While Nasdaq will not cite Chinese companies specifically in the changes, the move is being driven largely by concerns about some of the Chinese IPO hopefuls’ lack of accounting transparency and close ties to powerful insiders, the sources said.

The new rules will require companies from some countries, including China, to raise $25 million in their IPO or, alternatively, at least a quarter of their post-listing market capitalization, the sources said.

IMPACT: At a time of escalating tensions between the United States and China over trade, technology, and the spread of the Covid-19, Nasdaq’s curbs on small Chinese IPOs represent the latest flashpoint in the financial relationship between the world’s two largest economies. Expect more trade and geopolitical volatility going forward, which will keep Safe Haven currencies like the Japanese Yen (JPY) at a premium relative to its counterparts, especially trade sensitive currencies like the Aussie (AUD) and Singapore Dollar (SGD). 



A raft of economic data is due out of the United Kingdom this week, starting with the labour market report on later today and the consumer price index on Wednesday. Following last week’s dire GDP figures, traders should be braced for more depressing readings on the economy, with the March jobs numbers stealing the limelight early in the week. But as if things weren’t critical enough with the Covid-19 pandemic spreading mayhem on the global economy, the UK also has to contend with Brexit, adding to GBP woes.




Stocks powered ahead after pharmaceutical firm Moderna reported “positive” data on early-stage covid-19 vaccine trial. If you run any pharma firm, it makes sense to be chasing a vaccine or treatment, do trials and report any “positive” data you see as it causes massive spikes in your stock price!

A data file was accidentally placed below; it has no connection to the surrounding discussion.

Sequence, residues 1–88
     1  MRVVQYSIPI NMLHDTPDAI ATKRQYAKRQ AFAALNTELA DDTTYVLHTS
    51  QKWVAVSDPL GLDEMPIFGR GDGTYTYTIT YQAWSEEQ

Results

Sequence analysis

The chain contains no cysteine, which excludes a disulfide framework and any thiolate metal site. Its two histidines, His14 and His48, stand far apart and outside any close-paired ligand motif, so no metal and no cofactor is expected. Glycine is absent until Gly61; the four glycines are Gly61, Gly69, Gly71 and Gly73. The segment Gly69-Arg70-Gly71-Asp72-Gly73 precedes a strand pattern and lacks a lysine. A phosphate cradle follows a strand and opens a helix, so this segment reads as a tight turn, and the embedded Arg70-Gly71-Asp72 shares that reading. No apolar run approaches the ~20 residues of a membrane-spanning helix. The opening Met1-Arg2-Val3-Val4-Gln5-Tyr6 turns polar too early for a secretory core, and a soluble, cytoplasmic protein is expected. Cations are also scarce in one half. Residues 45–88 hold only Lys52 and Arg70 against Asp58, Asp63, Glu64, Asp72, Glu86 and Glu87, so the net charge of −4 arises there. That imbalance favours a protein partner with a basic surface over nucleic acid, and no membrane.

Gold started the day shining bright but tumbled for no good reason except to frustrate gold bugs as the market went full risk on. This is a trade for the long haul and not for the faint-hearted!





Higher Volatility Lurks

As geopolitical tensions rise and governments warn about the protracted effect the virus has on the economy, there seems to be a mismatch between expectations of market participants (“v-shaped recovery”) and the real world. The exuberance of incessant money printing is being front-loaded in recent times, but the motivations between both parties (Central Planners and Market Participants) in this can’t be more different. Central Planners are acting out of fear and overcompensating for it with actions, while market participants are buying in “hope”. The stark contrast in intent is troubling, and we suspect central planners have the upper hand in terms of understanding economic reality.

With the fate of Wall Street diverging further away from the dire reality of Main Street, expect volatility in time to come.